In the event the student depresses an erroneous selector switch or actuating lever the correct answer will be projected on the screen and the magnetic tape will be actuated to give the correct answer orally. Upon completion of the correct answer the machine will automatically advance to the next question.

Thus it will be seen that the student does not have to wait while a tape message advances through its full cycle. Also, there will be a minimum of wear on the tape head.

:Referring to the visual section of the teaching system and particularly with reference to FIG. l it will be noted that I have provided a light transmitting film such as having a plurality of individual frames illustrated in FIG. la as 11, 12, and 13. Means for projecting light through said film includes a source of light and lens system designated generally 14, motor means for advancing the film from one frame to the next and a viewing screen assembly designated generally 16.

The auditory section of the teaching system includes a magnetic tape 17, motor means 18 for driving the magnetic tape 17, and a magnetic pick-up head 19 mounted on a carriage 20, the position of which is controlled by a screw shaft 21. The shaft 21 is interconnected to the motor 15 by means of a system of pulleys 22 and 23 a belt drive 24 and shaft 25.

Thus it will be seen that each time the motor 15 is actuated to advance the film 10 to a new position the shaft 25 through the associated belt and pulley system will rotate shaft 21 to move the carriage 20 and therefore the pick-up head 19 perpendicularly across the face of the magnetic tape. The magnetic tape carries a plurality of parallel tracks.

The film 10 is formed with a plurality of light transmitting spots such as and 31 whereby light from the source 14 is projected selectively to one or two of a plurality of light sensitive photo cells such as 32 and 33 mounted on the back of the viewing screen 16. It will be noted that each, successive frame is formed with the light transmitting spot 30 in the same relative position. It will also be noted that only those frames such as 1'1 and 13 which contain a question are provided with a light transmitting spot 31. These spots 31 will be in differing positions depending upon the position of the correct answer as will hereinafter become more clearly explained.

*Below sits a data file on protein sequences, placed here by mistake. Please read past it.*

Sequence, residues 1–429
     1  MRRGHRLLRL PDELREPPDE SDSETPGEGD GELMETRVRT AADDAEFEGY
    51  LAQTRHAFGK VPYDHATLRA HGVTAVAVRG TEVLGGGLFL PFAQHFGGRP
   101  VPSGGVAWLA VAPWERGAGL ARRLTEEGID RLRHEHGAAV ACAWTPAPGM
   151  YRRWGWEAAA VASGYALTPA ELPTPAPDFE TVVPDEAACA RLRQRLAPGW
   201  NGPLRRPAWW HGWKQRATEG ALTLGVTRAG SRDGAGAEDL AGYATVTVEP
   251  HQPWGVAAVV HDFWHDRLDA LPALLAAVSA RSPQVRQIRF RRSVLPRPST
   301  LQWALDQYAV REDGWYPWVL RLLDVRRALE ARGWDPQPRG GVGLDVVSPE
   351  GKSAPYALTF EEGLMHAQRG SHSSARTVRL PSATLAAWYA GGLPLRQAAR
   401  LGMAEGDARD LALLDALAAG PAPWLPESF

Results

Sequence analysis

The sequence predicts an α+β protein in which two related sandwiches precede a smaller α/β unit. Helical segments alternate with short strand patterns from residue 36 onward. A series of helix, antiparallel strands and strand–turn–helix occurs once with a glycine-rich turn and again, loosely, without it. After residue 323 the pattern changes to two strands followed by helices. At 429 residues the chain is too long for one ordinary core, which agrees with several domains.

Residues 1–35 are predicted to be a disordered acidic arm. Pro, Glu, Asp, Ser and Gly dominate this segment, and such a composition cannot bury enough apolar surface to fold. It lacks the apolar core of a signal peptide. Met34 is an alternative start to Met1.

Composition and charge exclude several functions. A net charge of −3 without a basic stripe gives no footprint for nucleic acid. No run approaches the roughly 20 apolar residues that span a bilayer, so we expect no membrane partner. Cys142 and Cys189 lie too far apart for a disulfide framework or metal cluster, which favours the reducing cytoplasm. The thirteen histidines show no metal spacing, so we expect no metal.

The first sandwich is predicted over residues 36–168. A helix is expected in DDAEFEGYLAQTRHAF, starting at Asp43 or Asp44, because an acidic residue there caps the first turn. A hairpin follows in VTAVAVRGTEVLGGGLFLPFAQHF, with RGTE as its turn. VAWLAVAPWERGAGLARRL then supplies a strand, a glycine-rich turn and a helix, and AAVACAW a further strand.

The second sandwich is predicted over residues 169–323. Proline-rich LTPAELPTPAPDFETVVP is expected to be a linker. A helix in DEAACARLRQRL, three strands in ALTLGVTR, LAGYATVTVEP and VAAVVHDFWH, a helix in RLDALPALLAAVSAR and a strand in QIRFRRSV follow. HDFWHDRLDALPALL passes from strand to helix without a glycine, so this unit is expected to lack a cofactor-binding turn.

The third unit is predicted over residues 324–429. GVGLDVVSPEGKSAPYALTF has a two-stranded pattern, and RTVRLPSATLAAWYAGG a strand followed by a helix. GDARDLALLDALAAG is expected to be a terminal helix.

Referring now more specifically to FIGS. 2 and 3 wherein I have illustrated in perspective view certain essential parts of one embodiment of my invention. It will be seen that I have provided a cassette or cartridge designated generally 35 adapted to be removably disposed in operative position on a mounting panel designated generally 36.

The cassette or cartridge 35 is generally a box-like structure having a partition 38 dividing the box-like structure into two compartments which for the sake of convenience will be designated film compartment and tape compartment.

The film 10 which is disposed in the film compartment of the cartridge 35 may either be an endless loop or may be wound on supply and take up reels. These expedients are well known to the art and are not shown in detail herein. The lm is threaded over a sprocket 40 and is driven by means of a sprocket shaft 41. The shaft 41 is adapted to engage the sprocket holes 42 in the film 10 in a manner well known to the art.

The top of the cartridge 35 is formed with an aperture 43 adjacent which each successive frame, such as 11, 12, or 13 of the film 10 is adapted to be disposed and through which light from the source of light, designated generally 14 (FIG. l), passes.

The tape compartment of the cartridge 35 is adapted to receive an endless loop tape 17 in a manner well known to the art. The tape passes up over a guide plate 45 to a pulley 46 past a slot 47 over a drive pulley 49 back into the storage chamber at the bottom of the cartridge 35.

The pulley 49 is secured to a shaft 50 which extends through the rear face of the cartridge 35 to engage a driving means such as the shaft 51 when the cartridge 35 1s in operative position.

The cartridge mounting panel 36 is secured to a base 53.

The light focusing and transmitting system designated generally 14 in FIG. 1 is secured to the mounting panel 36 and is composed of a source of light 54, a reflector means 55 positioned immediately above the light source 54, a lens system including lenses 56, 57 and 58 adapted to focus the light source 54 onto the film 10 through the aperture 43 when the cartridge 35 is in operative position.